The Willy Street “LOVE” Mural is getting a refresh, courtesy of its original painter Michael Owen.
For the past four days, Owen, who painted the original mural in July 2014, has been working to restore and update the colorful love-themed mural, found at 924 Williamson Street.
The “LOVE” Mural was originally commissioned by Plan B Nightclub as a response to former Wisconsin governor Scott Walker’s mixed stance on same-sex marriage.
“It was kinda gritty at the time here, some neighbors just wanted to have some bright, positive love to counteract that,” Owen told The Daily Cardinal. “This is something that pretty much everyone wants a piece of.”
The Madison “LOVE” Mural is one of Owen’s collections of over 20 other similar murals with many located in Baltimore, his hometown.
“The original goal was to put 20 of the [love murals] spread out evenly in Baltimore, and just connect the city, different neighborhoods and see how people responded,”Owen said. “It's just a way to connect with the general public that wouldn't necessarily be expecting to see art.”
Owen started painting murals after graduating from the Maryland Institute College of Art in 2004. To this day, he says he has painted “a couple hundred around the country.”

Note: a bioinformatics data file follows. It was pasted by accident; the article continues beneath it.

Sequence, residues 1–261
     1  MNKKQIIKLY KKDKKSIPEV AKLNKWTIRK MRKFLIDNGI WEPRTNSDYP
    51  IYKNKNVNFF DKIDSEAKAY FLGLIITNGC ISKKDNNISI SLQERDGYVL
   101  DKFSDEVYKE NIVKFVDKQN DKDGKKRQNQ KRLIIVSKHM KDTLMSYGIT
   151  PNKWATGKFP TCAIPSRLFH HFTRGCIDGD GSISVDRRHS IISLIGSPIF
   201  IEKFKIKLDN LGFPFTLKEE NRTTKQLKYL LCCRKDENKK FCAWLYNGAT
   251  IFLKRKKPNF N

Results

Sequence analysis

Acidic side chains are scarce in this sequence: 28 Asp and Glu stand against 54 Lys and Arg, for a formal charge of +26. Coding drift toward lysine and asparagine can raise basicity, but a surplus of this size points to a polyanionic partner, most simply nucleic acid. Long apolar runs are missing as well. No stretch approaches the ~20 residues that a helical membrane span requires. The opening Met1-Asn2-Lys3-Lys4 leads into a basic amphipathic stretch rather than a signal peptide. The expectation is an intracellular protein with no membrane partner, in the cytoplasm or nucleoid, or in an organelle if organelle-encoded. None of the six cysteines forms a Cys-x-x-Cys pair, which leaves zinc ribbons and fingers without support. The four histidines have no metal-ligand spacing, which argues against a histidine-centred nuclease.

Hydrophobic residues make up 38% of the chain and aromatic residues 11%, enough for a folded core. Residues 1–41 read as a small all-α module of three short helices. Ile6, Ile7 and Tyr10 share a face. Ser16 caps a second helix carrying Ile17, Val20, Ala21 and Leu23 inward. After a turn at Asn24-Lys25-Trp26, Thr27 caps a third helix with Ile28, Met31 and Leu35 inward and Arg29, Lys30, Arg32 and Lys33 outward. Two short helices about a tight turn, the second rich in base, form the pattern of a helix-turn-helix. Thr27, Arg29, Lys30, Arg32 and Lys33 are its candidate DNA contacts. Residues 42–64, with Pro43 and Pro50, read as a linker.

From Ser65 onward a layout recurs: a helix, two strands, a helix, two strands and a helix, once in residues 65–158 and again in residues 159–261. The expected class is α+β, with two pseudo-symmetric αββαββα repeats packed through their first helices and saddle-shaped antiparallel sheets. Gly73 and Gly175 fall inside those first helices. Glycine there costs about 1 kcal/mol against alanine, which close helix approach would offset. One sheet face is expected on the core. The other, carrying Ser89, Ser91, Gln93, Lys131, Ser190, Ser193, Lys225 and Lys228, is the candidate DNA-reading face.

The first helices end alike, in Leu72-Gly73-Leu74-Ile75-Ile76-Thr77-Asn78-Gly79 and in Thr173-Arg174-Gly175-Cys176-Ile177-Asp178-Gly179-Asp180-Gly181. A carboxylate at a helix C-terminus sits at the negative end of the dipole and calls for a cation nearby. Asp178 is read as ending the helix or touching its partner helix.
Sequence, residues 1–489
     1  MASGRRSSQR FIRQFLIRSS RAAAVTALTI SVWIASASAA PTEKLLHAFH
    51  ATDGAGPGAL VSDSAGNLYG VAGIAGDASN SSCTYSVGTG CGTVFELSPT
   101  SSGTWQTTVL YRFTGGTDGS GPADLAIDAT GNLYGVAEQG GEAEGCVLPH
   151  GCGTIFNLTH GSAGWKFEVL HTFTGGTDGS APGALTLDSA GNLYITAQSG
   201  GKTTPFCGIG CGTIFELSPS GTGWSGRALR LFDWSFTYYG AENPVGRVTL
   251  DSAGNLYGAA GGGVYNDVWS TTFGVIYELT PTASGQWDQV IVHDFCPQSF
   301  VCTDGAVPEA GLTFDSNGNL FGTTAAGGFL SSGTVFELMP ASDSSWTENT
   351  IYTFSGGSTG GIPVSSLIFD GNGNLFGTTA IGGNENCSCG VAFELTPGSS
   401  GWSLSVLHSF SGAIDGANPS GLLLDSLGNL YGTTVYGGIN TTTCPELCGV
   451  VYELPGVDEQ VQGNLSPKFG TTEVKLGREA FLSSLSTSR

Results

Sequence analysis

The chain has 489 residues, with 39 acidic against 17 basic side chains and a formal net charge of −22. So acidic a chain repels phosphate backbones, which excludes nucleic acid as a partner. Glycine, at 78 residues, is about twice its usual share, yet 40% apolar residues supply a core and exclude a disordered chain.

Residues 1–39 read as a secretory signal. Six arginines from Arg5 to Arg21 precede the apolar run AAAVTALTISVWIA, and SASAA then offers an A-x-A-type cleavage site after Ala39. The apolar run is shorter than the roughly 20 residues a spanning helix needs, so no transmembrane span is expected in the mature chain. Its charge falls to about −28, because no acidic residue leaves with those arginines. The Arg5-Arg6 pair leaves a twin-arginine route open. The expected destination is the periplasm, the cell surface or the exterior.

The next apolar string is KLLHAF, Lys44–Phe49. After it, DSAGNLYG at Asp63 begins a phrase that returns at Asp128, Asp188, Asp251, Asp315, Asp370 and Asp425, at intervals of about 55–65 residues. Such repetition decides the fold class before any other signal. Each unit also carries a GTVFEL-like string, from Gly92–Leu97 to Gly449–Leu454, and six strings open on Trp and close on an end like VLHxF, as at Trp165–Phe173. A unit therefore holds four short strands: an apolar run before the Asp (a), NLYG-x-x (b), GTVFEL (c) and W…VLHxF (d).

“When I [started work on murals], I started to have conversations with people, different types of conversations than I would have in the gallery or museum,” Owen explained. “It was really inspiring for me. It really checked me on why I was doing this type of stuff.”
The rest of his murals are spread around the U.S., with one across the street from the Pulse Nightclub in Orlando. However, Madison’s version of the mural is unique.
“I brought in some bright colors and made the brightest mural I've ever done,” said Owen. “Usually, I'm just putting the black hands on the wall, but because [of the governor], I wanted to make it multicolored, bright, energetic and positive ... showing people that this is something that we can connect on.”
“[The reaction] was all over the place,” said Owen. “That was awesome to hear, that's what public art is all about.”
When asked about students getting involved in art, Owen noted that students must have a “unique message.”
“It's hard to do it when you're young, you've got a lot of different voices and pressures. But if you can be yourself, that's the most unique thing you can do,” said Owen. “I found the most fulfillment when I started putting out what was inside my heart.”
The mural can be found year-round on the right side of the I/O Arcade Bar.